Amidst the unfolding terror of a gunman—who was revealed to be a former doctor—shooting and setting fires at Bronx Lebanon Hospital, medical workers and hospital staff rushed to protect patients and treat the injured.

Witnesses say staff grabbed a fire hose off a wall "to use as a tourniquet on one victim’s leg," according to the NY Times. Another witness told the Post he saw one wounded physician and "a lot of blood . He come down the elevator. The security guard helped him. I'm going, 'Oh, my God. Oh, my God.'"

On Friday afternoon, a man wearing a white medical-style lab coat wielded an assault rifle and fired upon staff at the Bronx hospital. The shooter, identified as Henry Bello, a former doctor at the facility, killed a female doctor and wounded six others, "three doctors, two med students and one patient," during his rampage on the 16th and 17th floors.

Bello, 45, was also reportedly carrying jars of gasoline, which he set a nurses' station on fire. He fatally shot himself on the 17th floor.

He allegedly held a grudge against a colleague at the hospital, after he was forced to resign from his position in 2015.

The hospital went into "Code Silver" alert for an active shooter situation. Patients and staff were told to barricade themselves in rooms; a set of parents of a newborn locked themselves in a bathroom with their baby in an incubator. EMTs already in the hospital for another incident saw a wounded doctor, shot in the stomach. One told WABC 7 that they applied pressure and then carried him down the stairs.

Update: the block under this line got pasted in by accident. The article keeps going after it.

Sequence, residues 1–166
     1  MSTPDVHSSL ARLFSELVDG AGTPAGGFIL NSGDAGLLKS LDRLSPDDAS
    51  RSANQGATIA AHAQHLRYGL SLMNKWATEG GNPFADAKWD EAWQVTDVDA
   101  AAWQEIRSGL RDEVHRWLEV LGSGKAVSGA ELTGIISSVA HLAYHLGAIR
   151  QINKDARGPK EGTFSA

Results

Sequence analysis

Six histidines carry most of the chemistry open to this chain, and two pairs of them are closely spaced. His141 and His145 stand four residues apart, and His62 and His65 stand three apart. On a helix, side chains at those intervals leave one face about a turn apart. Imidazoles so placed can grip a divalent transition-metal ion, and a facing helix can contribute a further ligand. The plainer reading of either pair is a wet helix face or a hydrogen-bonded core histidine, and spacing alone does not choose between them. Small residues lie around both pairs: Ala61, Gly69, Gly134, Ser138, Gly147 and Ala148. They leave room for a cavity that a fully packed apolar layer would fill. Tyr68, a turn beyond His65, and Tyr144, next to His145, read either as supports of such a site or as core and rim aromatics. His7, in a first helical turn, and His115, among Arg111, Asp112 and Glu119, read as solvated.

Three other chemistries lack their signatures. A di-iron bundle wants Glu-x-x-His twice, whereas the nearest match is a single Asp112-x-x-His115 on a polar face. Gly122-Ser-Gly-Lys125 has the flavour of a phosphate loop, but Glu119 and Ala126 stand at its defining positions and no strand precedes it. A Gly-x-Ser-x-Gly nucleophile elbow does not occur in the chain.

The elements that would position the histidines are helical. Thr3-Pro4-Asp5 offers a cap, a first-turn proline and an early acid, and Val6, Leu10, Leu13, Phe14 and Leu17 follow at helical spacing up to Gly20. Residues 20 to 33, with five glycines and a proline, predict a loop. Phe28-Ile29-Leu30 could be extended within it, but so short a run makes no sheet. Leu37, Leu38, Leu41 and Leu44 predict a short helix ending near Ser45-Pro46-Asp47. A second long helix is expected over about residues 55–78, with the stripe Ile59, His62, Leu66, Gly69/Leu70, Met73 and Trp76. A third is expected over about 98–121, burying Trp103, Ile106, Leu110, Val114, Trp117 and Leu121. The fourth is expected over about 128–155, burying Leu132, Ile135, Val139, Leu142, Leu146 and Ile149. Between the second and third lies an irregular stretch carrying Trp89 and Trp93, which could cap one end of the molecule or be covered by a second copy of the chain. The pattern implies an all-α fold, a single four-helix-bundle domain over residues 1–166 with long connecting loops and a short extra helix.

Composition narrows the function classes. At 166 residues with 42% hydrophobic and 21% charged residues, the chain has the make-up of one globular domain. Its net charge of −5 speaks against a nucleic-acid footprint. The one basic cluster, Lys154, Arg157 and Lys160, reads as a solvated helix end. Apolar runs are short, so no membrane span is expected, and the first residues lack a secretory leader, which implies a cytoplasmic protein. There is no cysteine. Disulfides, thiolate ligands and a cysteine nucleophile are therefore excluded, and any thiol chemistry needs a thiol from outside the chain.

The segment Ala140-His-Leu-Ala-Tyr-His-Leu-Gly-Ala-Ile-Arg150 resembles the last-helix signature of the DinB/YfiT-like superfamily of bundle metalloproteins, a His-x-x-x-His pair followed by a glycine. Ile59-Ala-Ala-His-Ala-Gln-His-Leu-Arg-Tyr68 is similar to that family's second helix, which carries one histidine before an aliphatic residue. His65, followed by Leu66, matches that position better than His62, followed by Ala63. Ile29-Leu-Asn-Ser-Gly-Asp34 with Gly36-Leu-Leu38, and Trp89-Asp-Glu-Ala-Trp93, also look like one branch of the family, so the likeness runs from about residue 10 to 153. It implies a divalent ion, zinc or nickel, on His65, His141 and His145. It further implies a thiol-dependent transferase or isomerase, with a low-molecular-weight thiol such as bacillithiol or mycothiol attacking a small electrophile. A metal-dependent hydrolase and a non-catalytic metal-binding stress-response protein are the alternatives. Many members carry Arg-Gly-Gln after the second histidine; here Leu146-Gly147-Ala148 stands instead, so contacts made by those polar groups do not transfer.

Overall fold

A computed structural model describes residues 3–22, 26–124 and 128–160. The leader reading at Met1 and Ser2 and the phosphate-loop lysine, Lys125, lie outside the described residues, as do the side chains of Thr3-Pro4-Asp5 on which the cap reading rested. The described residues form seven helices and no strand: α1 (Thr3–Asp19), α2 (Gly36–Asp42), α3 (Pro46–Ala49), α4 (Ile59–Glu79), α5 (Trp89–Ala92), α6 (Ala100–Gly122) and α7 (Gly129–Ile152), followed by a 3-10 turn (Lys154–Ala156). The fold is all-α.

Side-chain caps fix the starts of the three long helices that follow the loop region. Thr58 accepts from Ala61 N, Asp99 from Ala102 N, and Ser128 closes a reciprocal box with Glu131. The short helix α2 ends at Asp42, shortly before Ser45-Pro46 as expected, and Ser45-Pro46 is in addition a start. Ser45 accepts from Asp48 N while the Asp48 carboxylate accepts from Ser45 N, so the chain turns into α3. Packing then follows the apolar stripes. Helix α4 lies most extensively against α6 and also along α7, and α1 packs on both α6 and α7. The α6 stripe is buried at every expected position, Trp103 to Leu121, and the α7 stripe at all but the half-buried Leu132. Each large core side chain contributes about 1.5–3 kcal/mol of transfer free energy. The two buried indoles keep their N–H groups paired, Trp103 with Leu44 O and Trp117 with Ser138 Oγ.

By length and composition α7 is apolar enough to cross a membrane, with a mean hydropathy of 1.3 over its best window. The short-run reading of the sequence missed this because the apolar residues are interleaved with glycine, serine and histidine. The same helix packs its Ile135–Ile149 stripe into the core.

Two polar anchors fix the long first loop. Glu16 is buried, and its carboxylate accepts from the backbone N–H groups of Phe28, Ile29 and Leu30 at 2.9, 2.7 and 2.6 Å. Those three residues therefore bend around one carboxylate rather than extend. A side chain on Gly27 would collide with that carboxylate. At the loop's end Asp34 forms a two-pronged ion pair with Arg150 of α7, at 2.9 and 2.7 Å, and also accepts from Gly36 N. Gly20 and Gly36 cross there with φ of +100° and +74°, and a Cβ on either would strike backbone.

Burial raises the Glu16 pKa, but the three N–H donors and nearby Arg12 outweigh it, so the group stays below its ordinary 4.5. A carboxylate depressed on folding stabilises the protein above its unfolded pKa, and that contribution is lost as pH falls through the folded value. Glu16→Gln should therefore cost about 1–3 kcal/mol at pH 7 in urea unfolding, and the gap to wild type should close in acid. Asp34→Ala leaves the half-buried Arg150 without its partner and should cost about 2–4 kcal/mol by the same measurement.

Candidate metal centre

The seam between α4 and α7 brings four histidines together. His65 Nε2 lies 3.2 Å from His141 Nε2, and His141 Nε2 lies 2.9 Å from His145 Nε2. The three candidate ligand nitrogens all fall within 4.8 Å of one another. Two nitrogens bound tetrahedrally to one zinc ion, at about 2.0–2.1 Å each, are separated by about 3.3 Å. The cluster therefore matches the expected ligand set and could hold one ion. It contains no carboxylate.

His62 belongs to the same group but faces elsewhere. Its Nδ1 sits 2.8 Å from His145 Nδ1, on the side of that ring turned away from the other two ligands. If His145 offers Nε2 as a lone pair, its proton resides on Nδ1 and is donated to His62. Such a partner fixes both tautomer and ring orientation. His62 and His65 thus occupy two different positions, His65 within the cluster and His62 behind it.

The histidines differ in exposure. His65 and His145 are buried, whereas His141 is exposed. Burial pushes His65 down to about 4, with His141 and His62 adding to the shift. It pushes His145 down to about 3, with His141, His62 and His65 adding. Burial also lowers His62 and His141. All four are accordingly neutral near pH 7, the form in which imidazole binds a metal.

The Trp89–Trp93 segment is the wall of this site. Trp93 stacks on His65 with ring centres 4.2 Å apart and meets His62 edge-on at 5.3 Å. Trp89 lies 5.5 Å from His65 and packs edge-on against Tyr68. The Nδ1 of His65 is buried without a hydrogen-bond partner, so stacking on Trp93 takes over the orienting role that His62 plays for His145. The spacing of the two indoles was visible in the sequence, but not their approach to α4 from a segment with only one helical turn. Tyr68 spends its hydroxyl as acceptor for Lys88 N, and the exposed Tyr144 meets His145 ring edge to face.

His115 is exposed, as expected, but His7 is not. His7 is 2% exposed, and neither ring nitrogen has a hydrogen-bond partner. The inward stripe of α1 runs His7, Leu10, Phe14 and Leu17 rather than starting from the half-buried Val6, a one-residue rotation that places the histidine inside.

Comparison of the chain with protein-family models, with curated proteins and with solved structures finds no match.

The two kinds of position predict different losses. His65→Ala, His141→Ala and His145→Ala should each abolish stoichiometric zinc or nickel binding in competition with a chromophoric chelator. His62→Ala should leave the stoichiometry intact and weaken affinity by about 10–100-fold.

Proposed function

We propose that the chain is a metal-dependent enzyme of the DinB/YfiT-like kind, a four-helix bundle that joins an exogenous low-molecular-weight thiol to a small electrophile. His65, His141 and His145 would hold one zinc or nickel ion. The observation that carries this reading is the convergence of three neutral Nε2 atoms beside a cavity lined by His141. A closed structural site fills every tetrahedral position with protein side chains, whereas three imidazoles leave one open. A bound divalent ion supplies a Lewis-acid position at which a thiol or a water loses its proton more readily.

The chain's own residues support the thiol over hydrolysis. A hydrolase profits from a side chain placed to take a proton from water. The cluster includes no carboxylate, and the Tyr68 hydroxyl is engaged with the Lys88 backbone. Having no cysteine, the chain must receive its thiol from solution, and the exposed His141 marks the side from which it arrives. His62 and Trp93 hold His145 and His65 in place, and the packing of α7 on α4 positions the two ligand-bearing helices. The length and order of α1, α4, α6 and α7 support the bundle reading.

Patients were led out of the hospital by responding officers, some still in hospital gowns and without their shoes. One said, "Crazy, I’m supposed to be getting spinal chord surgery right now."

An administrative hospital employee, Evelyn Torres-Ferrara, and her husband spoke to the NY Times about how they "watched doctors rushing to stabilize what a co-worker told her were two victims, one who had been shot in the leg and the other who been struck in the neck."

She said the victims had been quickly taken to the first-floor emergency room.

“It definitely helped that the doctors were right there,” she said.

Her husband, Ian Wittenberg, a pediatrician who has worked at Bronx-Lebanon for 17 years, said there were tough challenges ahead.

“A gunshot wound to the neck, there are so many large blood vessels there,” he said. “No one is safe from that.”

A medical student said that a group of doctors rushed to a wounded person, even during the lockdown, "The people who ran out there were really courageous. It’s a big risk that they took, but they did it."

According to NBC New York, of the injured victims, "The most critically injured was being transferred to Mount Sinai for a specialized surgery. Three were upgraded to stable condition on Saturday. They were shot in the head, abdomen, knee, neck and head."

At a press conference on Friday, Mayor de Blasio said, "Our hearts go out to the family of the doctor who passed away and we’re giving both our hearts and our prayers, standing in solidarity with the families of all of those who were wounded and all of those who are fighting for their lives right now. This was a horrific situation unfolding in the middle of a place that people associate with care and comfort - a situation that came out of nowhere. But even in the midst of this horror, there were many, many acts of heroism."